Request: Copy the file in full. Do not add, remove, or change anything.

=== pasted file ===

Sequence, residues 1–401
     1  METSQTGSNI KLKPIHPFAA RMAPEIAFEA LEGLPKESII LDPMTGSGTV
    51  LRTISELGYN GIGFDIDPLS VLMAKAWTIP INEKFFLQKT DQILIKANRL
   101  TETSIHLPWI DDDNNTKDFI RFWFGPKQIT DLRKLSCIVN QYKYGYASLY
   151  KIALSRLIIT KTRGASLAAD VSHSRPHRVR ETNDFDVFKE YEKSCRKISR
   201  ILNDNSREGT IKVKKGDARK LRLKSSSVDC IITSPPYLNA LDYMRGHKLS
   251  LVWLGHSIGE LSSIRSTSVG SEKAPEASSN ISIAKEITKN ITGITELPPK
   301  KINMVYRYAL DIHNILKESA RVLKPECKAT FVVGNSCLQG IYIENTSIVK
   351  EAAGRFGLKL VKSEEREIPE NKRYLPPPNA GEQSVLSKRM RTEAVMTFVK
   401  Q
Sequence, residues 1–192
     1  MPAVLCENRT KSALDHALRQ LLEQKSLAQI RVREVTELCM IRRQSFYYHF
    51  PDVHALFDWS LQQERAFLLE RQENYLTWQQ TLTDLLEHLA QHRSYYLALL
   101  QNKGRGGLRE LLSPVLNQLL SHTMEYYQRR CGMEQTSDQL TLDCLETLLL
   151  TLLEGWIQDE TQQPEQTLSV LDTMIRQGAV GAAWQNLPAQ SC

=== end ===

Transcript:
Sequence, residues 1–401
     1  METSQTGSNI KLKPIHPFAA RMAPEIAFEA LEGLPKESII LDPMTGSGTV
    51  LRTISELGYN GIGFDIDPLS VLMAKAWTIP INEKFFLQKT DQILIKANRL
   101  TETSIHLPWI DDDNNTKDFI RFWFGPKQIT DLRKLSCIVN QYKYGYASLY
   151  KIALSRLIIT KTRGASLAAD VSHSRPHRVR ETNDFDVFKE YEKSCRKISR
   201  ILNDNSREGT IKVKKGDARK LRLKSSSVDC IITSPPYLNA LDYMRGHKLS
   251  LVWLGHSIGE LSSIRSTSVG SEKAPEASSN ISIAKEITKN ITGITELPPK
   301  KINMVYRYAL DIHNILKESA RVLKPECKAT FVVGNSCLQG IYIENTSIVK
   351  EAAGRFGLKL VKSEEREIPE NKRYLPPPNA GEQSVLSKRM RTEAVMTFVK
   401  Q
Sequence, residues 1–192
     1  MPAVLCENRT KSALDHALRQ LLEQKSLAQI RVREVTELCM IRRQSFYYHF
    51  PDVHALFDWS LQQERAFLLE RQENYLTWQQ TLTDLLEHLA QHRSYYLALL
   101  QNKGRGGLRE LLSPVLNQLL SHTMEYYQRR CGMEQTSDQL TLDCLETLLL
   151  TLLEGWIQDE TQQPEQTLSV LDTMIRQGAV GAAWQNLPAQ SC